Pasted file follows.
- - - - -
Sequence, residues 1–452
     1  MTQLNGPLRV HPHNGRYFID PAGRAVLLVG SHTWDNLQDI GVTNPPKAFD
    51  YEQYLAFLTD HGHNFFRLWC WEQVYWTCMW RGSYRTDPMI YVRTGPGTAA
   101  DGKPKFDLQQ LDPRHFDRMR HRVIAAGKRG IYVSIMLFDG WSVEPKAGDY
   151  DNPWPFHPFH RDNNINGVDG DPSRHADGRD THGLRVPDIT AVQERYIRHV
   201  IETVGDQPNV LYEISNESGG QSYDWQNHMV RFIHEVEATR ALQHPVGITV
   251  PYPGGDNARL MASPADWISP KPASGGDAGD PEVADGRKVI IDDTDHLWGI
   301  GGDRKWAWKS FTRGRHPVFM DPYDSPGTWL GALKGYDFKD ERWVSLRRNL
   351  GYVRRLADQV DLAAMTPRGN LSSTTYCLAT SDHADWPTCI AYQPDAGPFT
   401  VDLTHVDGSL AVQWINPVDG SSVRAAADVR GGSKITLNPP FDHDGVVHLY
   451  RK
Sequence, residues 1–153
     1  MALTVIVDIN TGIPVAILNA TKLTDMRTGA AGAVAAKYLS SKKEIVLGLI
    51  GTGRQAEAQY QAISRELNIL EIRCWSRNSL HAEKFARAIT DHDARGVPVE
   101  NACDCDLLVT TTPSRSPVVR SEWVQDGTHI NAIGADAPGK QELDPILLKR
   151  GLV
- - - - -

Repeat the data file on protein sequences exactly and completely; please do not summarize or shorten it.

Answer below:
Sequence, residues 1–452
     1  MTQLNGPLRV HPHNGRYFID PAGRAVLLVG SHTWDNLQDI GVTNPPKAFD
    51  YEQYLAFLTD HGHNFFRLWC WEQVYWTCMW RGSYRTDPMI YVRTGPGTAA
   101  DGKPKFDLQQ LDPRHFDRMR HRVIAAGKRG IYVSIMLFDG WSVEPKAGDY
   151  DNPWPFHPFH RDNNINGVDG DPSRHADGRD THGLRVPDIT AVQERYIRHV
   201  IETVGDQPNV LYEISNESGG QSYDWQNHMV RFIHEVEATR ALQHPVGITV
   251  PYPGGDNARL MASPADWISP KPASGGDAGD PEVADGRKVI IDDTDHLWGI
   301  GGDRKWAWKS FTRGRHPVFM DPYDSPGTWL GALKGYDFKD ERWVSLRRNL
   351  GYVRRLADQV DLAAMTPRGN LSSTTYCLAT SDHADWPTCI AYQPDAGPFT
   401  VDLTHVDGSL AVQWINPVDG SSVRAAADVR GGSKITLNPP FDHDGVVHLY
   451  RK
Sequence, residues 1–153
     1  MALTVIVDIN TGIPVAILNA TKLTDMRTGA AGAVAAKYLS SKKEIVLGLI
    51  GTGRQAEAQY QAISRELNIL EIRCWSRNSL HAEKFARAIT DHDARGVPVE
   101  NACDCDLLVT TTPSRSPVVR SEWVQDGTHI NAIGADAPGK QELDPILLKR
   151  GLV